Former Pittsburgh Steelers quarterback, Ben Roethlisberger released the second episode of his weekly podcast on his Channel Seven YouTube page. Footbahlin with Ben Roethlisberger features Spencer T’eo as his co-host and the two discussed a wide variety of topics before T’eo, who identifies as Polynesian, turned the discussion to Troy Polamalu near the end of the podcast.
“He’s one of the kindest people you ever met,” Roethlisberger raves. “And he is one of the most violent people you will ever meet on the football field. He would hit people and then apologize to them. ‘I just knocked your head off, oh, sorry about that,’ then he would do it again the next play.”
Polamalu entered the NFL in 2003 and made an impact when he did get on the field for the Steelers, despite not starting one game as a rookie. His second season in the NFL and first as a starter, coincided with another new player in the starting lineup in 2004: Roethlisberger.
Late in a Week 4 contest against the Cincinnati Bengals in 2004, the Steelers had taken the lead 21-17 in the rookie quarterback’s second start. Polamalu put the game away with his first signature interception and return for a touchdown as a Steelers defender.
“A couple things that really stick out to me,” Roethlisberger continues. “They might have both been against Baltimore. He makes this interception at home, and you can see his hair flowing. He dives and sticks his hand under the football, and he intercepts it. We watched film of that play the next day and the camera is shaking because the stadium is shaking.”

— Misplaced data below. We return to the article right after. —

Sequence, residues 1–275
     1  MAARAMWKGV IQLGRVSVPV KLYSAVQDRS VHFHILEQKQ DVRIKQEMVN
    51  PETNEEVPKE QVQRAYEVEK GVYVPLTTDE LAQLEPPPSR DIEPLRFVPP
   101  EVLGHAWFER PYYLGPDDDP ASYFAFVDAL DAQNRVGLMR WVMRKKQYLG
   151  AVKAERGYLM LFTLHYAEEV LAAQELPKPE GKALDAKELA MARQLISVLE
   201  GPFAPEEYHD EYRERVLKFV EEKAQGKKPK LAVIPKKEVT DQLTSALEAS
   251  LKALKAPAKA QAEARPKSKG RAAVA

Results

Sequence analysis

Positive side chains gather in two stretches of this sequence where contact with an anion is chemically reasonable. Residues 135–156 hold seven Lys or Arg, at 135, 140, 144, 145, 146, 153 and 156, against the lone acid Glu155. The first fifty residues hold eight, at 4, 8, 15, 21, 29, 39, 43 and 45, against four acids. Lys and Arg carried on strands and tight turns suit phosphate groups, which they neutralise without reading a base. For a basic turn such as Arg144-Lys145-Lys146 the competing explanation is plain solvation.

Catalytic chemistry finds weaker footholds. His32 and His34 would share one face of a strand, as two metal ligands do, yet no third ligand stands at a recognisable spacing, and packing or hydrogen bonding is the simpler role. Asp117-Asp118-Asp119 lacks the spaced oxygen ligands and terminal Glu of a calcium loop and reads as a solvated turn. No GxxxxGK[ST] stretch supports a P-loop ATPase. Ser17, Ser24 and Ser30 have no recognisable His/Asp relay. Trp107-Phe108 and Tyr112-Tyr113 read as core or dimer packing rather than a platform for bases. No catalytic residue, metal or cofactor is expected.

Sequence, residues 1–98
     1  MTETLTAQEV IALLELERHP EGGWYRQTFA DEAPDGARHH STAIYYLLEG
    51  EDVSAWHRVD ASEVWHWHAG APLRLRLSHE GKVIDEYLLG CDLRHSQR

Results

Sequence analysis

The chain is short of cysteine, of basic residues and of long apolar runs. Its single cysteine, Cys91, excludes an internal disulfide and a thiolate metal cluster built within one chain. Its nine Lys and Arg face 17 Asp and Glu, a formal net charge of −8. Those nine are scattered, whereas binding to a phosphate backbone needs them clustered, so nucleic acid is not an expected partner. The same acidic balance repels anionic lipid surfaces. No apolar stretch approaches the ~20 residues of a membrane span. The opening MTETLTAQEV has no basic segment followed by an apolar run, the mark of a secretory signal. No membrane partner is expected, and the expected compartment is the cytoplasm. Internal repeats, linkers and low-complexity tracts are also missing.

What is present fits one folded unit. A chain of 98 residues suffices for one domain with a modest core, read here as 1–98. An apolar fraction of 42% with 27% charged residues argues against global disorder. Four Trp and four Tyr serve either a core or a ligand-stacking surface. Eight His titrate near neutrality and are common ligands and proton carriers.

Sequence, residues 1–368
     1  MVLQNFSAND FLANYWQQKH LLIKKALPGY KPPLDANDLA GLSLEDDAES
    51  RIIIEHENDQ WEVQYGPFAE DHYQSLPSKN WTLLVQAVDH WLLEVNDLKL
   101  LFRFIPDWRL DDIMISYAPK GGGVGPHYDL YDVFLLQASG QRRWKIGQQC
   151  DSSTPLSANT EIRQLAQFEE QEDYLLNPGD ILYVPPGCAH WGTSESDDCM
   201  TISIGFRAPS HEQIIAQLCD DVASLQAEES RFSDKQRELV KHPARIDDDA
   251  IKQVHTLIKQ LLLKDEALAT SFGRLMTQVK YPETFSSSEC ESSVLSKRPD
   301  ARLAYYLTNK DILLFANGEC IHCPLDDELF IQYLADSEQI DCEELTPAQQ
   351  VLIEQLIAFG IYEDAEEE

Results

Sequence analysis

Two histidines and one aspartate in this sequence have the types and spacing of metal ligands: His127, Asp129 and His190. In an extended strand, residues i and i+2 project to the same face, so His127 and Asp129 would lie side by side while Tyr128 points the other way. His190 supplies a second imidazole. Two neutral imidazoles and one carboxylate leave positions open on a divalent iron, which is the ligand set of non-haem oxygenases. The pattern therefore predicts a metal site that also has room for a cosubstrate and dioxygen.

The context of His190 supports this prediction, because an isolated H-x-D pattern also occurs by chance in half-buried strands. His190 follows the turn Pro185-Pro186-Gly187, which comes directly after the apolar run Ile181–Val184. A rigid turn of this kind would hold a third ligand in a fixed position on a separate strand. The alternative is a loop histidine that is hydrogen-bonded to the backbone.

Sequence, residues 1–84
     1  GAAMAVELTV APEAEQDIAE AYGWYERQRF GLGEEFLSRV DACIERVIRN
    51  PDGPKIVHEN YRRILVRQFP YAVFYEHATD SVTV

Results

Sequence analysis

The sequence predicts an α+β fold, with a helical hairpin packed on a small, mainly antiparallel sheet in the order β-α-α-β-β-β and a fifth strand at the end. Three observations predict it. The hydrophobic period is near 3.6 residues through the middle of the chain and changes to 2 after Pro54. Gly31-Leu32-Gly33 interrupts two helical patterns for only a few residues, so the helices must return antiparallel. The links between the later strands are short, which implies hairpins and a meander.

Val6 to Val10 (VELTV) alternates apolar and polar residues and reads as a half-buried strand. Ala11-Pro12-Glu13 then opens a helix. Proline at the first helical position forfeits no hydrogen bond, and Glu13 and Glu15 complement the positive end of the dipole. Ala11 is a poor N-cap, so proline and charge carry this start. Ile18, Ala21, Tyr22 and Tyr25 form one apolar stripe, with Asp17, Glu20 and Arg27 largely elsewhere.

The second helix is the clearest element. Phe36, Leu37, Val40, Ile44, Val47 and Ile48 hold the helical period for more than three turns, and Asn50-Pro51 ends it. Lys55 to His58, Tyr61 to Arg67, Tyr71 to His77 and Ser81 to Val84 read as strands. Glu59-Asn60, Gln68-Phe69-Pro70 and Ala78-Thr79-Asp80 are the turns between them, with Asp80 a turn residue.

The game in question was actually against the San Diego, now Los Angeles Chargers and it was a ridiculous play. Polamalu dives and scoops the ball one-handed in Week 11 of the 2008 season. He reverses field, but ultimately slips before returning it for a touchdown. If you’ve never watched the play, you can see it here on YouTube.
“He had this play where it what was 3rd and 1 or 4th and 1 and he just jumped over the line and held the quarterback. Troy is the only guy I have ever known that could practice in like tennis shoes,” Roethlisberger concludes. “Never slip, go full speed, intercept balls and be all over the field. There were times where he would be near the line scrimmage, and when the ball was snapped, his back was to me. You can’t do that, you have to look at the quarterback or your receiver at all times. He was able to not see either and still get to a spot and make a play.”
Polamalu had a sixth sense on the football field, and the leaping play in question may be the highlight most associated with him, although it happened more than once against multiple teams. It always seemed like he was roving around the field not playing a position, but he was always around the ball. Whenever the Steelers needed a play for over a decade, number 43 was on the spot. His career highlights would fill up a dozen articles, but Roethlisberger is just the latest teammate to give the Steelers Hall of Fame safety glowing reviews as a player and a person.
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Roethlisberger has produced two highly entertaining podcasts thus far and it seems like they will be releasing at least once per week for the foreseeable future. His co-host T’eo and the future Hall of Famer will be sampling another set of beers and probably discuss the opening NFL weekend sometime next week. Fans of the black and gold should definitely check it out.